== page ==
with high-frequency trading have become a routine part of how the market operates. When a customer places a trade through a Charles Schwab account, for example, that order is likely to be handled by a high-speed algorithm. Institutional traders like Fidelity, which buy large blocks of shares for their mutual funds, use algorithmic trading to split their enormous orders into blocks of 100 to 300 shares so that other traders don’t recognize the true demand and take advantage of that knowledge for their own profit.
Hedge funds with high-frequency operations, like Tradeworx, work between and around the institutional traders and the market makers, and against each other, attempting to profit by anticipating the moves of others. Their reliance on statistical patterns and quantitative analysis has won them the name of “quant funds.” (A quant fund typically holds a portfolio derived from statistical analysis, but its trades may take place over months as well as microseconds. Though most high-frequency funds are quant funds, not all quant funds trade at high frequency.) The explosion in high-speed automated trading has engendered a massive buildup in technology; Renaissance Technologies, a hedge fund based in East Setauket, NY, boasts that its computing power is equal to that of the Lawrence Livermore National Laboratory.
Just one example of what speed can do explains a lot about how high-frequency trading works and why it angers some observers, as Joseph Saluzzi and Sal Arnuk, the principals of the New Jersey-based Themis Trading, made clear in their 2008 white paper “Toxic Equity Trading Order Flow on Wall Street.” Imagine that a mutual fund enters a buy order, telling its computer to start by offering the current market price of $20.00 a share but to take any asked price up to $20.03. A high-speed trader, Saluzzi and Arnuk explained, can use a “predatory algo” to identify that limit by “pinging” the market with sell orders that are issued in fractions of a second and canceled just as fast. It might start at $20.05 and work its way down to $20.03, canceling and reordering until the mutual fund bites. The trader then buys closer to the current $20.00 price from another, slower investor, reselling to the fund at $20.03. Because the high-frequency trader has a speed advantage, he is able to do all this before the slower party can catch up and offer shares for $20.01. This speedy player has found the buyer’s limit, gathered up and sold an order, and snipped a few pennies off for himself.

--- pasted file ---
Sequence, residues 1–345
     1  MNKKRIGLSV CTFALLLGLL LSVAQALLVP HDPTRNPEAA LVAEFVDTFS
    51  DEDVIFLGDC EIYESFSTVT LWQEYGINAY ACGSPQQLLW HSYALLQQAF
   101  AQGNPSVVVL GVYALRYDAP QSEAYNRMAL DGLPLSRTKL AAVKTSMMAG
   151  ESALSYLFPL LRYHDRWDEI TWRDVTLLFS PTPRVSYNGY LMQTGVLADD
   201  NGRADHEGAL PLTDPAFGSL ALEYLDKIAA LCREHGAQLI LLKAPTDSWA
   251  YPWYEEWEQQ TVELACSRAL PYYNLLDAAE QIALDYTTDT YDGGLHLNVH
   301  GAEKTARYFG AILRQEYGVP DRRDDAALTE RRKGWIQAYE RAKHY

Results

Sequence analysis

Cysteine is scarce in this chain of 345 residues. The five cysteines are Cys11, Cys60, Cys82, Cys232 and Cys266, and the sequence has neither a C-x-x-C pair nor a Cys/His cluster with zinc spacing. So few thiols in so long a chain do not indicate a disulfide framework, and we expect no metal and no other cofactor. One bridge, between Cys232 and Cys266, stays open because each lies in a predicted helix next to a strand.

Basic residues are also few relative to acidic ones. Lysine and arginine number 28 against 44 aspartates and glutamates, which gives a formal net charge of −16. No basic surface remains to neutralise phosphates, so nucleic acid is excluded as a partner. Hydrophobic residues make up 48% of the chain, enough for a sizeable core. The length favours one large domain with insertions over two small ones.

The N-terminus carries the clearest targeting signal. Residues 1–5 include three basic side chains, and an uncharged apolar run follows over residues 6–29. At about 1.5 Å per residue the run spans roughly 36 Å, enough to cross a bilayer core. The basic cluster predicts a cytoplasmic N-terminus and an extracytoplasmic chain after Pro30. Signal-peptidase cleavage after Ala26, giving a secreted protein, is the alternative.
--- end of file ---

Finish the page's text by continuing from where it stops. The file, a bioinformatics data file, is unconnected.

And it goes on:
Liquidity and Order
Picking up all those pennies can be risky, Narang says, but he makes what he considers an important distinction. “There is risk, definitely, but quant funds like us take it all,” he says. “If a quant meltdown happens, it won’t affect the retail investor.”
A monitor at Tradeworx’s offices keeps track of the net trading operations during the day. It generally ticks up.
Narang turns to his computer and brings up two graphs, superimposing one on the other. The first shows the erratic up-and-down crawl of the S&P 500, the value of the largest 500 companies in the United States, over the last six years. The second shows Tradeworx’s profit and loss over the same period. It is a steady march up; in Tradeworx’s worst year, it made 15 percent. “All [high-frequency] funds have a profit-and-loss line like this,” he says. Then he magnifies the graphs to show just the weeks around August 2007, when many quant funds self-destructed as they sold off their portfolios to meet increasing margin calls (see “The Blow-Up” November/December 2007). In those days, his P&L dropped by 7 percent, and many other funds saw similar losses. But the S&P 500, overall, was little affected.
“And here’s the second quant meltdown, in January of ‘08,” Narang says, zooming out and then in on another blip in the graph, showing the value of the S&P 500 when a second, albeit smaller, dislocation occurred. “It’s tiny. You can hardly see it. That’s because funds running quantitative strategies are mostly market neutral. When we take a position, we’re always